The future of food auditing
Two experts look at how the path of auditing has changed – from initial intentions, to the current situation and what the future likely holds…
If we think back to the inception of the BRC (known most commonly as the BRCGS – the global standard for food safety now), it was a collaboration of interested parties from the food industry, with a shared ambition: to improve standards, provide due diligence and remove the need for repetition of audits.
In this article, we dive into the subject of certification audits, external and internal audits, and consider whether this joint goal has turned out as hoped.
Although the standards are now more rigorous than they used to be, the purpose of auditing is still the same – to improve standards and provide supply chain due diligence. But we’re a million miles away from where we’d hoped in terms of reducing the number of audits.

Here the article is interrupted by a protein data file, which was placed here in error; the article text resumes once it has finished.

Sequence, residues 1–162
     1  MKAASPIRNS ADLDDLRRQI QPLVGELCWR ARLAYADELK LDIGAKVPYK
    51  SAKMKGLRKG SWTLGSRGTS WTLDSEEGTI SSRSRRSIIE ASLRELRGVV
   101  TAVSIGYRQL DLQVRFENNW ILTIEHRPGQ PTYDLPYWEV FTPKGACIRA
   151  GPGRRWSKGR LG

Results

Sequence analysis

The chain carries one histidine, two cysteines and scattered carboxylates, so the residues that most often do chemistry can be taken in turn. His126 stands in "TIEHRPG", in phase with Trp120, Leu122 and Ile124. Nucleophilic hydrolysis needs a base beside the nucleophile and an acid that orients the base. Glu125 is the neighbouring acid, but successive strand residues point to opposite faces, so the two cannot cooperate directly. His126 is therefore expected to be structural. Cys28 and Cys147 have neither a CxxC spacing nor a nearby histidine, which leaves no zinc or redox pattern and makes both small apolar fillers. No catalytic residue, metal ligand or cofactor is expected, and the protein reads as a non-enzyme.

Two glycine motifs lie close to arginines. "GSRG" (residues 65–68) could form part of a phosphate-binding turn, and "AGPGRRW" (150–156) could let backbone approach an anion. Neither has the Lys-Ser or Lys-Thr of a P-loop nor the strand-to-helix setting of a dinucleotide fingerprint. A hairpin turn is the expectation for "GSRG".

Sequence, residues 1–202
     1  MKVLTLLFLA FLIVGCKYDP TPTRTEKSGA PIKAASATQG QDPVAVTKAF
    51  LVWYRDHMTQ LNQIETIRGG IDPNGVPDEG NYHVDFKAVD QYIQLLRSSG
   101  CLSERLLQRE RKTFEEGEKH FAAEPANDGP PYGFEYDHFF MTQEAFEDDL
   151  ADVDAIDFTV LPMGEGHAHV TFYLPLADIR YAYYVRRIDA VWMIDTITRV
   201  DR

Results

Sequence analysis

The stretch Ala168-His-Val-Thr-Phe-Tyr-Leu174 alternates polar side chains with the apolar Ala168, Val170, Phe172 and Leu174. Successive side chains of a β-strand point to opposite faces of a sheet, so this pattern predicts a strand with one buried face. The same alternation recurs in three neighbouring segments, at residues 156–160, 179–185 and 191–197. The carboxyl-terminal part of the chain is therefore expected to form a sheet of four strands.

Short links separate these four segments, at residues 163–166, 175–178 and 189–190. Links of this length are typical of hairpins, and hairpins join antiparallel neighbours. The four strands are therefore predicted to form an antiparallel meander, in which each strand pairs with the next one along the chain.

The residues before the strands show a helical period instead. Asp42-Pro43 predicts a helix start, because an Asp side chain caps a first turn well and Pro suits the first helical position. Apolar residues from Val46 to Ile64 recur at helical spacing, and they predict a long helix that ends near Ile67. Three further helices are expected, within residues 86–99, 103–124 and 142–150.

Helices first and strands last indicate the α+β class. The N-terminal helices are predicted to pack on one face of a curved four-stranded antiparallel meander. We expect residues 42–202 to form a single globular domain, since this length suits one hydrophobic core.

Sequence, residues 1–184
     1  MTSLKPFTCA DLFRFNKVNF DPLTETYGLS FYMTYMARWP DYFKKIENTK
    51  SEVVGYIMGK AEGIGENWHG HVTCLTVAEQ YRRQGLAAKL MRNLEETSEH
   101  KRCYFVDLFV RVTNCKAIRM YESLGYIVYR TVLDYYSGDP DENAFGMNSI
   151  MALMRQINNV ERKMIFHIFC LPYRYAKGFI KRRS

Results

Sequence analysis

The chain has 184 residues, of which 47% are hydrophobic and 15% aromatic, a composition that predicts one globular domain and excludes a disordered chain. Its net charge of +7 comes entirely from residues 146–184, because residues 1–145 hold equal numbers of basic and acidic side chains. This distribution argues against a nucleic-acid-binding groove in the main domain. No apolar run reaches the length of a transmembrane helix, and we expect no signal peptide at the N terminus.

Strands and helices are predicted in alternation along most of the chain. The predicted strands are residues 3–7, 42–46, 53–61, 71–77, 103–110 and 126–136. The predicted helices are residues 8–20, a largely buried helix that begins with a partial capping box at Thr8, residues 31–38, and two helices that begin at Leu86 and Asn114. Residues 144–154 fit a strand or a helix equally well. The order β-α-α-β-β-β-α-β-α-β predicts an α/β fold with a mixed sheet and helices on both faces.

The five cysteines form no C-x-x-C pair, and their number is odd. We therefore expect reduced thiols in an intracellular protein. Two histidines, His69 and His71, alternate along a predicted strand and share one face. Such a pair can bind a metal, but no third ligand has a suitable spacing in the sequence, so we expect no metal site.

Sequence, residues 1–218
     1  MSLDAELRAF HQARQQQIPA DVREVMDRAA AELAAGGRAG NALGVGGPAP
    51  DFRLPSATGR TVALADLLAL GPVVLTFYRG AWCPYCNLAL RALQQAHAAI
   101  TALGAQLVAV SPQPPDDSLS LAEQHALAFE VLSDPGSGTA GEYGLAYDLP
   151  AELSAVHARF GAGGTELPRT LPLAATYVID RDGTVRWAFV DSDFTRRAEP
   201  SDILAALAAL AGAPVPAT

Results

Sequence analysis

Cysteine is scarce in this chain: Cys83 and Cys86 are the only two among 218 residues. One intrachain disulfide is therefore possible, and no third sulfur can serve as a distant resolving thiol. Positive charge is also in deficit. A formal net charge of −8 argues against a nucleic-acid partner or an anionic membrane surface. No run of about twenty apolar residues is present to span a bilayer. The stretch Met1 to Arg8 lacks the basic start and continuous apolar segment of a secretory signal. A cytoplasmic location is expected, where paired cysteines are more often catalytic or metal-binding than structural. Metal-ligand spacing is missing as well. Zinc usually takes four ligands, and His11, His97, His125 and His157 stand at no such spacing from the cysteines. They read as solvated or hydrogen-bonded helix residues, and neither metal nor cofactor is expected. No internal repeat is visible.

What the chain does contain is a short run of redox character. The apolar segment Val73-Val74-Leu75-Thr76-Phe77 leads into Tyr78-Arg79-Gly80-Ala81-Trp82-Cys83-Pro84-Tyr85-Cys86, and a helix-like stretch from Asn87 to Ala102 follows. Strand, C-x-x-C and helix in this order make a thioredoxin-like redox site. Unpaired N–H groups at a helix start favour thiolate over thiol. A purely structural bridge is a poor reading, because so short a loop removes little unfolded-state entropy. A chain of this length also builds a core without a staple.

As standards have improved, the need for auditing has become more inherent in how we function in the food industry. There has always been a significant gap between the requirements of certification standards in the UK and due diligence required by customers – and that remains the case today. The result of this is that sites continue to host multiple audits to cover certification and meet their customers’ needs.
The range of requirements has also meant that internal audit systems have had to develop and become more complex. Sites are required to audit numerous standards, which presents the ongoing problem of trying to amalgamate a range of ever changing and developing clauses.